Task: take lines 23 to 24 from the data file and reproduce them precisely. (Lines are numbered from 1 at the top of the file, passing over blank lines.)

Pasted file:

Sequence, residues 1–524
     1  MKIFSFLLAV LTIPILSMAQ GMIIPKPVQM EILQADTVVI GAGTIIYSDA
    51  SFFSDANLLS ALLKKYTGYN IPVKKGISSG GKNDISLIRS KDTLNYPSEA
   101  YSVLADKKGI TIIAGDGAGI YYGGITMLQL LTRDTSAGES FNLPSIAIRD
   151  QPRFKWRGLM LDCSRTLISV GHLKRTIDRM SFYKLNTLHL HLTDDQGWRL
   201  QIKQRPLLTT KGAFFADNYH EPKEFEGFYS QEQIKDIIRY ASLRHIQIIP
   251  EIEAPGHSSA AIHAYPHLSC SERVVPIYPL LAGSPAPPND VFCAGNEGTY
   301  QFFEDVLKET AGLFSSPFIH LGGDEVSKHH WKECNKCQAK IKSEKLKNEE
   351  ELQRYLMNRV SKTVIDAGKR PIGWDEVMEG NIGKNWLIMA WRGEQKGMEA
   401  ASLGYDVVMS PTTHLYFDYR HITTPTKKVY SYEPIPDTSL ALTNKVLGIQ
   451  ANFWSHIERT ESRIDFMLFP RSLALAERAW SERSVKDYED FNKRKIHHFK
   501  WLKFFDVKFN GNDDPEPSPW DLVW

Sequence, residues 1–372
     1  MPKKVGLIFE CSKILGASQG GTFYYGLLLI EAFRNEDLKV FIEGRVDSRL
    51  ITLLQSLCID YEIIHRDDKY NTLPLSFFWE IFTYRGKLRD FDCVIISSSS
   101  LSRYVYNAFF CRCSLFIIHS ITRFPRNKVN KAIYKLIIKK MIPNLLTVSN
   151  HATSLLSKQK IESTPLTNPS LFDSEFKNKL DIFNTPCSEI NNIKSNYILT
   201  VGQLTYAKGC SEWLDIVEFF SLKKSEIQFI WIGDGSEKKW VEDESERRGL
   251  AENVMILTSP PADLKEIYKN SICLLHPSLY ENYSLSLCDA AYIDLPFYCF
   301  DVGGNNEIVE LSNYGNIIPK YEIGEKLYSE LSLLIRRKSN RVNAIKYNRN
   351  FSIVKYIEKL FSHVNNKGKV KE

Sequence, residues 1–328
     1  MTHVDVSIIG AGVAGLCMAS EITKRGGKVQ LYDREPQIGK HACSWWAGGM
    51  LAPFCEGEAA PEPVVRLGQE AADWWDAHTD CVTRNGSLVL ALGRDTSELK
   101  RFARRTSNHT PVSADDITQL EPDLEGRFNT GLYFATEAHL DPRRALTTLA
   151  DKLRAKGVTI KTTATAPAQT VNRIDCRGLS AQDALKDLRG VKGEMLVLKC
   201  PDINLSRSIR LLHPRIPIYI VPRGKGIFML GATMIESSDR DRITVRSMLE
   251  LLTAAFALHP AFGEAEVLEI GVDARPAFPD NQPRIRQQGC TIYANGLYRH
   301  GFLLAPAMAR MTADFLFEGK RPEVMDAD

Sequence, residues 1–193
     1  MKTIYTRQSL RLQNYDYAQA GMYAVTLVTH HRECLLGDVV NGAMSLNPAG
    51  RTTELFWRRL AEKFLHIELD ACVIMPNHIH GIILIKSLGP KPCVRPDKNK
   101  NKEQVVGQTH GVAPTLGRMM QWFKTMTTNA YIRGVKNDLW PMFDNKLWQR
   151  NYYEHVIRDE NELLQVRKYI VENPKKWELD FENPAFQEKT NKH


     1  MTHVDVSIIG AGVAGLCMAS EITKRGGKVQ LYDREPQIGK HACSWWAGGM
    51  LAPFCEGEAA PEPVVRLGQE AADWWDAHTD CVTRNGSLVL ALGRDTSELK